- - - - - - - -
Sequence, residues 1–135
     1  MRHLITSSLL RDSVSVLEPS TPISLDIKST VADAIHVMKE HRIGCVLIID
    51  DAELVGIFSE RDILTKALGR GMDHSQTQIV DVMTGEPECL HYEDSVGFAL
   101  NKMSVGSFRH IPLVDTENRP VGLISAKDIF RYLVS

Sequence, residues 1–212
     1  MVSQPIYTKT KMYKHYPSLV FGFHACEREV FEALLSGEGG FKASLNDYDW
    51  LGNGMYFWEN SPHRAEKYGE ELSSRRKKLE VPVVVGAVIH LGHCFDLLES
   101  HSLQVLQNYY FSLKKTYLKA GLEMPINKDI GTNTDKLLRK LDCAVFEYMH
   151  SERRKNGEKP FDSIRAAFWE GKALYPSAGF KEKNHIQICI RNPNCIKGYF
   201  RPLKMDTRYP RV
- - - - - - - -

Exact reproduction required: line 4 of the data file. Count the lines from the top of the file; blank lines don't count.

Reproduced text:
   101  NKMSVGSFRH IPLVDTENRP VGLISAKDIF RYLVS